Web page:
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Are curtains warmer than blinds?

As we start to approach winter, especially with the unprecedented rise in heating prices, many of us are looking for ways to improve the thermal efficiency of our homes. While you can insulate walls, this isn’t generally the main area that heat escapes - here, windows are the main culprits.

You can obviously get double, and even triple glazing, but these are often expensive solutions - so what about window coverings? Here, we explore how effective curtains can be at keeping your home warm, giving a comparison to another common window covering solution, blinds.

Thermal properties of blinds

People often go with blinds because they’re seen as the simple and functional option. While blinds can be cheaper than curtains and a little easier to manage, they also need more cleaning, have limited styling options, and are much less effective at retaining heat.

This is because blinds are often made of thin materials that are relatively ineffective when it comes to thermal insulation. Even if you cover all the surrounding gaps, a thin material will still be worse at keeping the heat in and cold out than a thicker material.

Thermal properties of curtains

While blinds are generally made from thin, hard materials such as wood, metal or plastic, curtains tend to be fabric. Fabric tends to be a better insulator due to the air pockets contained within - especially when you add multiple layers of thicker fabrics together.

If you’re looking for curtains that are especially warm, you can get ones with an insulating lining or even add such a lining to your existing curtains. Online stores such as Woodyatt Curtains have plenty of insulated options that can make a big difference to how much heat your room loses, available in a wide range of different styles.

The science

When it comes to insulation, thermal properties are often measured using something called an R-value. A single-pane glass window has an R-value of just 1 - it’s incredibly ineffective at retaining heat. That number can be increased to 2 by using double glazing, but that’s still relatively low.

A properly designed and well fitted thermally insulated curtain can raise the R-value of your window to 7. This is about as good as it’ll get while still having a window.

Curtains are cosier

While it’s important to think about the functional implications of your window coverings, you also need to consider the aesthetic impact of what you choose. While it would be warmest to simply insulate your windows with insulation boards, that would look, and feel, horrible - clearly, it’s about finding a balance.

Luckily, in addition to the practical warming effects, curtains are often also a lot cosier than blinds. The soft manner in which they drape has a very different effect on a space to the often excessive linearity of blinds, adding to the comfort of spaces such as living rooms and bedrooms.

The cost

Thermally insulated curtains aren’t that expensive. You can pick them up for under £20 a set - it’s likely that the savings you make on your heating bill, especially given the current energy crisis, could pay for that in under a year.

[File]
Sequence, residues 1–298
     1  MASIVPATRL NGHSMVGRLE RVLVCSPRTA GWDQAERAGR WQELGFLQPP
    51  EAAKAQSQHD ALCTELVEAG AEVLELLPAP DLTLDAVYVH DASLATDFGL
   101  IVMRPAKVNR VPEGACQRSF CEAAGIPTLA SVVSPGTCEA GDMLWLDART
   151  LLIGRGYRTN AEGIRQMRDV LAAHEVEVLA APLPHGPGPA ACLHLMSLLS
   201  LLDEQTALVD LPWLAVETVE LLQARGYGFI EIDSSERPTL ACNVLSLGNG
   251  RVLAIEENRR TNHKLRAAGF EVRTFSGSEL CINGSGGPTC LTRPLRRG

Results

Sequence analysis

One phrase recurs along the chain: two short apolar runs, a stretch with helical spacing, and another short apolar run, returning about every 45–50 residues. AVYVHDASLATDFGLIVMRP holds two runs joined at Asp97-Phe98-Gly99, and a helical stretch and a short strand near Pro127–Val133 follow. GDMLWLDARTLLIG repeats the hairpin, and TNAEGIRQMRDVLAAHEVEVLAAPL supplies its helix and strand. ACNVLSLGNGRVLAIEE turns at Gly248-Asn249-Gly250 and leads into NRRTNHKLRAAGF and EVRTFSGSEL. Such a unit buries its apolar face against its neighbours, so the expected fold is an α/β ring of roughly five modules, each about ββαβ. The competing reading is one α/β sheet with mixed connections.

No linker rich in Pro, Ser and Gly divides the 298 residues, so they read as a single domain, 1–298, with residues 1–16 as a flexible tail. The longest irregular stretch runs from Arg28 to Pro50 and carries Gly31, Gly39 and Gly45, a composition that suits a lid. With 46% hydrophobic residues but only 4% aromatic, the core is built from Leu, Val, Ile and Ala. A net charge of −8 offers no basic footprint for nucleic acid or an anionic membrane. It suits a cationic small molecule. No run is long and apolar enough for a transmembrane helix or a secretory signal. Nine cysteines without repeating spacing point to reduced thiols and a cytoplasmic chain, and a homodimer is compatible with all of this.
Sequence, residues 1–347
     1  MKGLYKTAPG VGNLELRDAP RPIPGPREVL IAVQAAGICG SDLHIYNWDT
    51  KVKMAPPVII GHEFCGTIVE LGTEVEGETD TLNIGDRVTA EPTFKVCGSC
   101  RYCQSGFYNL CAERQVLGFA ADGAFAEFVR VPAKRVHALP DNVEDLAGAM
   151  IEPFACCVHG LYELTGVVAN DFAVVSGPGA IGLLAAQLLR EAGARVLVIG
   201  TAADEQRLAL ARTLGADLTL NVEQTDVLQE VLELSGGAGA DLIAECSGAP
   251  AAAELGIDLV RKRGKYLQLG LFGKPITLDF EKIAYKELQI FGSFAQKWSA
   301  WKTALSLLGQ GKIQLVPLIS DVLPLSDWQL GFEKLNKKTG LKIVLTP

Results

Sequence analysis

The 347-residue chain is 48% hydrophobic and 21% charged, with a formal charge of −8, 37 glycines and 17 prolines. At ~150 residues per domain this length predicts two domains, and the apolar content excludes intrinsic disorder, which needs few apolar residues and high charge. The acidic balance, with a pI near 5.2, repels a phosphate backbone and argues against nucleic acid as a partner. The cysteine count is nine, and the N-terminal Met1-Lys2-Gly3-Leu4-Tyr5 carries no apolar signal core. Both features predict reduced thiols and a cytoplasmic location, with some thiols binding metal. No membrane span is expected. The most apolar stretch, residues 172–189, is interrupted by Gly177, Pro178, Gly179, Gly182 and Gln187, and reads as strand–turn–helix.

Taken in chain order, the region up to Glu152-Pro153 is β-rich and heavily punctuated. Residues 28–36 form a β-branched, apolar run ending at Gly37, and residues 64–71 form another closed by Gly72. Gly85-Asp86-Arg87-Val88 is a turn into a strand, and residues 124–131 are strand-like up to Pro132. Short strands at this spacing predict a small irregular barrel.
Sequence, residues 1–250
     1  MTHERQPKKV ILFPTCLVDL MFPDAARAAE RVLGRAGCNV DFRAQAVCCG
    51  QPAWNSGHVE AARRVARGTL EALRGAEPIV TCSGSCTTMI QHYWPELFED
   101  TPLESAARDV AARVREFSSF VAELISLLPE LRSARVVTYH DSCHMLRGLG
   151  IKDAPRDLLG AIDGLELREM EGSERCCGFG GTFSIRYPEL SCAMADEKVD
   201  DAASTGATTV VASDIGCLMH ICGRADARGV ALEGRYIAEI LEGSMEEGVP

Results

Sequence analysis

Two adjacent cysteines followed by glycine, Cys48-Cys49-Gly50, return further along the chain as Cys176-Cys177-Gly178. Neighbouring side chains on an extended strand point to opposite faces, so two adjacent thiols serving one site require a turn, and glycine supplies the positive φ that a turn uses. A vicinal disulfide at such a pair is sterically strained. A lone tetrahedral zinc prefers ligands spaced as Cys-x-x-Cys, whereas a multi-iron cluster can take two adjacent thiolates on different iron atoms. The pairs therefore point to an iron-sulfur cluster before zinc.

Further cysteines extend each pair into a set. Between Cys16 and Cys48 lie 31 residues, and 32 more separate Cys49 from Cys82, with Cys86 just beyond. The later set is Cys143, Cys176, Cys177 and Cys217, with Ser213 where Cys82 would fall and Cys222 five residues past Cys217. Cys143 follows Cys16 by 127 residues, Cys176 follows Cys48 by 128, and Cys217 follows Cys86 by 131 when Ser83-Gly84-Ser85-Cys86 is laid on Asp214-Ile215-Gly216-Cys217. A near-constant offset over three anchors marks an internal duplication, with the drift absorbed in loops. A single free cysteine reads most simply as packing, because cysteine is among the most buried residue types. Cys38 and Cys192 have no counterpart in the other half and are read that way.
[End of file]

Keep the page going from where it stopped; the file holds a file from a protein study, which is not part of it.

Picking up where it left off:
Not only will it save you money, but it’ll also mean you can use every part of your room, even in winter. With no window drafts of cold spots, you’ll be free to sit wherever you like.

Adding a thermal lining

If you already have curtains that you’re happy with, then you don’t necessarily need to buy new ones just to get those insulating properties - you can add a thermal lining to just about any curtains.

If you’re feeling up to the DIY task, you can give it a go yourself. If you’re not quite that confident in your sewing skills, you can always reach out to a local tailor to see if they could make the alterations for you.

There are multiple different kinds of lining fabric, and it’s important that you choose the right lining, or combination of linings. On the outside, you’ll have your decorative outer fabric; the insulating materials behind that will be a vapour barrier and a thick, insulating batting fabric. Then, on the back, you’ll have a white liner fabric, to make the curtains look nice and smart.

Make sure your curtain rail is up to the job

As insulated curtains have a lot more material in them, they’re generally a lot heavier than thinner curtains. If your old curtain rail and fittings were only just enough to deal with a thin curtain, then you’ll likely need to upgrade them to something a little beefier for your new insulated curtains.

If you’re not sure if you need to upgrade, it might be worth getting a local handy person in to have a look for you. It won’t take them long at all, and might avoid an unnecessary break at some point in the near future.

Optimising how you hang your curtains

To make sure your curtains are as effective as possible when it comes to keeping the heat in, you need to install them just right. First, you’ll want them hung quite close to the window, sealing any gaps that could lead to nasty draughts.

Second, you need to make sure that if there’s a radiator below the window, your curtain isn’t covering it. If it does, most of that heat will be trapped by the curtain, rising up behind it and passing through the window.

It’s also important that they hang at least 10 inches on either side of the window, and at least 6 inches above, to ensure that no excess heat is lost around the edges.


If you’re looking for a way to keep your home warm, insulated curtains can provide an effective solution. They’re available in a wide range of styles, and can reduce your heating bills this winter.



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